COLUMBUS — A state ethics panel indicated Thursday it has no jurisdiction over alleged conflicts of interests with Gov. John Kasich’s private nonprofit economic development corporation as it appeared ready to dismiss complaints filed by Democrats.
Chairman Merom Brachman said the Ohio Ethics Commission has jurisdiction over financial disclosure filings by elected officials.
The law that created JobsOhio in 2011 shortly after Mr. Kasich took office exempted the private entity from many ethics and open records laws.
Cuyahoga County Executive Ed FitzGerald, Mr. Kasich’s expected Democratic opponent next year, and the Ohio Democratic Party have questioned potential conflicts of interest among JobsOhio board members whose own corporations have benefited from economic incentive packages.
They’ve also questioned Mr. Kasich’s ties to Worthington Industries Inc. Two of its subsidiaries received approval for job-creation tax credits that could be worth more than $600,000, even as the governor receives deferred compensation payments from his prior role as a member of the parent corporation’s board.
The deferred payments were negotiated as part of Mr. Kasich’s compensation before he was elected governor.
“That matter of the disclosure is not before the commission,” Mr. Brachman said. “That information goes into the public file. There is no relevance whatsoever to what I saw with Mr. FitzGerald.”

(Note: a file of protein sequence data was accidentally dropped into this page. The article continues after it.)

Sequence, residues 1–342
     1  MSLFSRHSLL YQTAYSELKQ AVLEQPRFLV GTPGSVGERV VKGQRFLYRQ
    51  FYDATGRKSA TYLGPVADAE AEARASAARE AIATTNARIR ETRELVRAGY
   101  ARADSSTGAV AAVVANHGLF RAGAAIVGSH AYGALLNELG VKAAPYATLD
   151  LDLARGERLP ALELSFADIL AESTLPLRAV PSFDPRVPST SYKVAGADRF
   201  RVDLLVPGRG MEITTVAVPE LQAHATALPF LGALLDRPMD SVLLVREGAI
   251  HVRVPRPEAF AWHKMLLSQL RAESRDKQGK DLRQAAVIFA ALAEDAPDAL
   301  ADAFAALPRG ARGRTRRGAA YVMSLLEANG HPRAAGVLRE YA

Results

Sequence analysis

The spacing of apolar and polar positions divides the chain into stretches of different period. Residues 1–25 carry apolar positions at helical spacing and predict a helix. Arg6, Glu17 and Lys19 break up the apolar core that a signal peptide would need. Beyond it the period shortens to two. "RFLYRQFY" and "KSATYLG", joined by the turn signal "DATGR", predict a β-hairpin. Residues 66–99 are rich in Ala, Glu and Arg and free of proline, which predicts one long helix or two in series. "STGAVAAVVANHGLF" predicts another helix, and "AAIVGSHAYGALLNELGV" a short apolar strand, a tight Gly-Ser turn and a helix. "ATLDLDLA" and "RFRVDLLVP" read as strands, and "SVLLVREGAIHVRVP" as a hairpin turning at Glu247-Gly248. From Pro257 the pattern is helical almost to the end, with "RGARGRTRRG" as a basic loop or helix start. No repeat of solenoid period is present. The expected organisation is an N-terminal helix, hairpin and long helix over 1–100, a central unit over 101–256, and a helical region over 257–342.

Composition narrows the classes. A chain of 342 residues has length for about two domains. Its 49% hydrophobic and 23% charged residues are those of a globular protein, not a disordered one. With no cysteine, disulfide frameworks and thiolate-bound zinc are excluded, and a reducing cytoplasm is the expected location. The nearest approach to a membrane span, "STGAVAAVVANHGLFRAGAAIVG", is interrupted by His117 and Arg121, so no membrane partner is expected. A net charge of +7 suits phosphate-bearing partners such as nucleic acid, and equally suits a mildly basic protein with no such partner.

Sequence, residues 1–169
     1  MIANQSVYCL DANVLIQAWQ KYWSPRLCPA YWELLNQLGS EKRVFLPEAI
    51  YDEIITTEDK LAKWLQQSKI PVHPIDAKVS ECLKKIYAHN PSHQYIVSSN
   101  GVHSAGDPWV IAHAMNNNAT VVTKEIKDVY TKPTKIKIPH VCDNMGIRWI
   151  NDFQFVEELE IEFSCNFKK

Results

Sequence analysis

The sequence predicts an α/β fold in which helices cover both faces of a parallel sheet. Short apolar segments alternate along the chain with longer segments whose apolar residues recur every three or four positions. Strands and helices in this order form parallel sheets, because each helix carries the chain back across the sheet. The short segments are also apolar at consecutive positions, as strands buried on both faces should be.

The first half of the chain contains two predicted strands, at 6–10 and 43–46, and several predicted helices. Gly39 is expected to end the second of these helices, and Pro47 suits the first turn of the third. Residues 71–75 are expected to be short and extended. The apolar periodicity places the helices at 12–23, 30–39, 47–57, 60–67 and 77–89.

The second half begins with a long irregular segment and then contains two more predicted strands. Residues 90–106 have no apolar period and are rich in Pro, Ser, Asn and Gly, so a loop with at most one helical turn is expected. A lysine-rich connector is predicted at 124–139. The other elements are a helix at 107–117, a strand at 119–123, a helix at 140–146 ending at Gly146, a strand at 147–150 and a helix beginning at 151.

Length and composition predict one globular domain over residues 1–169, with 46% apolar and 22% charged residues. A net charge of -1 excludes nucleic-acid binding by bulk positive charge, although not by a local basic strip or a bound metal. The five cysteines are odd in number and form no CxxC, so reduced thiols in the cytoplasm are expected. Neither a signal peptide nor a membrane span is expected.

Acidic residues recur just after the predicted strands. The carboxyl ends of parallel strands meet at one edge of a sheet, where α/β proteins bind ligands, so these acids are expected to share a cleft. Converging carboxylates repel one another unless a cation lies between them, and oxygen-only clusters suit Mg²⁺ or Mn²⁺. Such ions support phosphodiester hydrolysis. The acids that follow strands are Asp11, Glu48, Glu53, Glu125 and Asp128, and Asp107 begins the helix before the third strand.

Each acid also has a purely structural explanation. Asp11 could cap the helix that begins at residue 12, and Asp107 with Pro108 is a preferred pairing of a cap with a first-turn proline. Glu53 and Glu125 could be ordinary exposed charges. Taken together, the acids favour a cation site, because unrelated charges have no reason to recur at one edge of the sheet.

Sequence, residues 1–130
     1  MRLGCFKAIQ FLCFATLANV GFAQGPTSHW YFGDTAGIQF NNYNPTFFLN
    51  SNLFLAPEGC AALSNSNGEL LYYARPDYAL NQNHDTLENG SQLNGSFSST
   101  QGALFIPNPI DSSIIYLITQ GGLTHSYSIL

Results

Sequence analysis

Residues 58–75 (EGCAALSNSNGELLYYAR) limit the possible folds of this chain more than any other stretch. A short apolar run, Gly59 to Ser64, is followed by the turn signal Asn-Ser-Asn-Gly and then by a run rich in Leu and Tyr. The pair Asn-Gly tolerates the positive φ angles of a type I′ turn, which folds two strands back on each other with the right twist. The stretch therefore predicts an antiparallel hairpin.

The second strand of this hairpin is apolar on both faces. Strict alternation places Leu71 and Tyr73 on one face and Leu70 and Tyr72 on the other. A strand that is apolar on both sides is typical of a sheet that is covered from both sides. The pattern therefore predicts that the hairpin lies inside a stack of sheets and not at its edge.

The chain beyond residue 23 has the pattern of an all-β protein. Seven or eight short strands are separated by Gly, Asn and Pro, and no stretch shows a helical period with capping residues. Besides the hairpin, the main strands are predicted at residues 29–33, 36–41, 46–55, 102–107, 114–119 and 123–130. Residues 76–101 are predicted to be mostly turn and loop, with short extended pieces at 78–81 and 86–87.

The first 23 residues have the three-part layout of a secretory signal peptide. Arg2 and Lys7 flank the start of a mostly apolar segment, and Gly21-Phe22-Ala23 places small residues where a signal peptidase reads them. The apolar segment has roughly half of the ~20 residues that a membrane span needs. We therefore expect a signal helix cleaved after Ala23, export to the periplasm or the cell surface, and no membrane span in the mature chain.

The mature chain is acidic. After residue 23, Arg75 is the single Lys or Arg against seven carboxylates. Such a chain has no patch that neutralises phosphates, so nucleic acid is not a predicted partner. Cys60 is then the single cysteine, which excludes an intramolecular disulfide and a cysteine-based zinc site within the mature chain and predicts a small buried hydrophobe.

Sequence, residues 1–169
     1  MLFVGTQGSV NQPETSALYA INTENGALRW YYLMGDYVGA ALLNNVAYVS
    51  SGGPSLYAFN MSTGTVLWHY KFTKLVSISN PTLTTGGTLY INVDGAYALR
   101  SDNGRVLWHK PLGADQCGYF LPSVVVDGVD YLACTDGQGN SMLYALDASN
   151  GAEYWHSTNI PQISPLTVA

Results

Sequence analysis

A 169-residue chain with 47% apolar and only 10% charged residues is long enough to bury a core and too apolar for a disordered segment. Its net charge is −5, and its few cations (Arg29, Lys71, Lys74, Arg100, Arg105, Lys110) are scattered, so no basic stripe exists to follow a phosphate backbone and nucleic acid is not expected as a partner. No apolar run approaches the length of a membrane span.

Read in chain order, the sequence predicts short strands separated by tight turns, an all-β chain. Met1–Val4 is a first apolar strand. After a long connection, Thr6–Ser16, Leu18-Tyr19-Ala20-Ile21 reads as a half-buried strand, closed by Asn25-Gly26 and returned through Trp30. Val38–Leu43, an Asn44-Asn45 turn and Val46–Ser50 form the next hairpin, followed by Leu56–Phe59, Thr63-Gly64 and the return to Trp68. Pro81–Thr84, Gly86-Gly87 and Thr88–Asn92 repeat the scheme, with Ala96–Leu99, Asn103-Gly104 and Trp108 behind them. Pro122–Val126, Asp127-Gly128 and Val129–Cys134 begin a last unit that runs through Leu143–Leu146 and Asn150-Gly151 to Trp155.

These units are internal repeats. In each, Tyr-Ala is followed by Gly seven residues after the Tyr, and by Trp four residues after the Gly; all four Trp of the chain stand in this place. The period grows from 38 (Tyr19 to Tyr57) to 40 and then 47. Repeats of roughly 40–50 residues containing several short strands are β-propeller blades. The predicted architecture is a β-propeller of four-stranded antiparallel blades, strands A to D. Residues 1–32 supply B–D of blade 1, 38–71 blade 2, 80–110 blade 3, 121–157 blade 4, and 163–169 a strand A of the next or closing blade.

Mr. Kasich said decisions on tax credits are approved by the Ohio Tax Credit Authority, a publicly accountable government agency, and not by the nonprofit JobsOhio.
“It should be pretty clear this is politics,” he told reporters. “I’m used to it. It’s mudslinging. … The fact of the matter is, whether it’s a friend or whether it’s a foe, if they’re going to create jobs and the incentives that are necessary to encourage them are within the bounds of reason and reflect a proper return on investment, we want to do it.”
Ethics panel members did not say whether they voted to dismiss the complaints, but the commission and Paul Nick, its executive director made it clear they don’t have jurisdiction.
“The way the legislation’s written, they’ve had their hands tied,” Mr. FitzGerald said campaigning in Toledo. “It should be their business. When you have this situation where the governor is getting compensation from companies that are getting state assistance, that shows you how much their actual oversight authority has been reduced in the last couple of years.”
Mr. Brachman’s tenure on the ethics commission began with his appointment by Democratic Gov. John Gilligan roughly 40 years ago. But campaign finance records show Mr. Brachman contributed to Mr. Kasich’s congressional campaigns in the 1990s and that family members have contributed to Mr. Kasich’s gubernatorial campaigns.